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Use your body’s core muscles to improve swim stroke efficiency

Use your body’s core muscles to improve swim stroke efficiency

Top triathlon coach Darren Smith explains why technique is as important as strength when it comes to maximising power transfer through the water

How using your core will help your swim

Do you rely on your arms to propel you through the water? Top coach Darren Smith explains why using your body’s core muscles is the key to swimming faster with better technique – and describes how to achieve this.

There are a number of reasons why I think the core is the key to swimming faster but the main one is I simply don’t believe that the ‘pulling’ muscles of the arms are the prime movers for technically good swimming. So, for me, strengthening these is totally unproductive.

Forget biceps curls, chest presses, lat pull-downs and the like. Instead strengthen the muscles of the shoulders and around the shoulder blades, so you can ‘hold’ the ‘paddle’ [your arm] in place as your body moves past it. And strengthen the core so you can hold a streamlined torso. These are both really useful.

You can achieve these adaptations by swimming with added resistance, gym work or stretch chord work, or a combination of the three. The bottom line, however, is that you’re trying to apply force to a very slippery medium (water) with a not particularly well-designed paddle (your forearm and hand), so any power gains must be matched by improvements in your technique to enable you to use this extra ability.

Here’s a guide to getting started:

Instead of a hand that pulls past your body, see your forearm and hand as a paddle that holds its position in the water as your body is pulled past (as if you were kayaking).

With your right ‘paddle’ in the water and body on a subtle angle, attempt to ‘spiral’ your left hip forward, across and towards the right paddle. In effect you’re using the front part of your body on the diagonal line between the paddle and opposite hip to generate movement.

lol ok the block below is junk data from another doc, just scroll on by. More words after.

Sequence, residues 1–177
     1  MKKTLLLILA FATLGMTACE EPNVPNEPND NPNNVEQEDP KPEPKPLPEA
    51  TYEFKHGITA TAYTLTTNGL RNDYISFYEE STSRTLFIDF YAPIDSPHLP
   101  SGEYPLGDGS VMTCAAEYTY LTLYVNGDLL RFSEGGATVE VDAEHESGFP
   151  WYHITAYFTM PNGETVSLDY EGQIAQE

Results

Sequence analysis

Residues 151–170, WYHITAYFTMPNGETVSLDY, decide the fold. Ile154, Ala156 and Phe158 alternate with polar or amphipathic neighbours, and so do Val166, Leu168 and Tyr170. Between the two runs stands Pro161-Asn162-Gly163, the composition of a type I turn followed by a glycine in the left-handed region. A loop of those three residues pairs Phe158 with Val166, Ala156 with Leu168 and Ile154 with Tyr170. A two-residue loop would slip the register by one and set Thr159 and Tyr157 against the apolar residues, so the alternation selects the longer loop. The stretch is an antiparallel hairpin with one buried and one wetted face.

Try to hold your right shoulder (using the lat muscles on your sides and pectorals on your front) momentarily above the ‘paddle’ as the forces are being increased and you’ll hopefully feel a ‘whoosh’ as your body glides past.

There’s no ‘pulling’. Instead you should feel more of a tension in the shoulder girdle, and a building tension across the front of your body that does most of the locomotive work.

It’s even better if you get the timing of your kick right. Start with two beats to help you move more smoothly and, practically speaking, you’ll feel like you’ve let the brakes off.

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(Images: Delly Carr/Janos Schmidt)

Profile image of Darren Smith Darren Smith Triathlon coach


In 2012 coach Darren Smith made history when six of the triathletes in his squad were selected to compete for six different countries at the London Olympics. This unprecedented accomplishment is the result of his constant pursuit of excellence in his coaching. Coach 'Daz', as he is known to his athletes, is a master of technique. He emphasises the process, not the outcome, and the minute improvements in his athletes’ skills make all the difference to their overall performance. Darren's two biggest coaching influences have been Gennadi Touretski and Brett Sutton. Touretski coached the swimmer Alexander Popov who won 4 Olympic gold medals (2 at the 1992 Barcelona Games and 2 at the 1996 Atlanta Games). Darren worked with Brett Sutton, the renowned triathlon coach in the late 1990s. Darren began his coaching career working with Ironman athletes, including Kate Allen and Sarah Gross. Since those early days he's grown into his role as coach to ITU athletes such as Lisa Norden who won silver at the 2012 London Olympics Games. Other athletes who have been coached by Darren include Jodie Stimpson and Aileen Reid.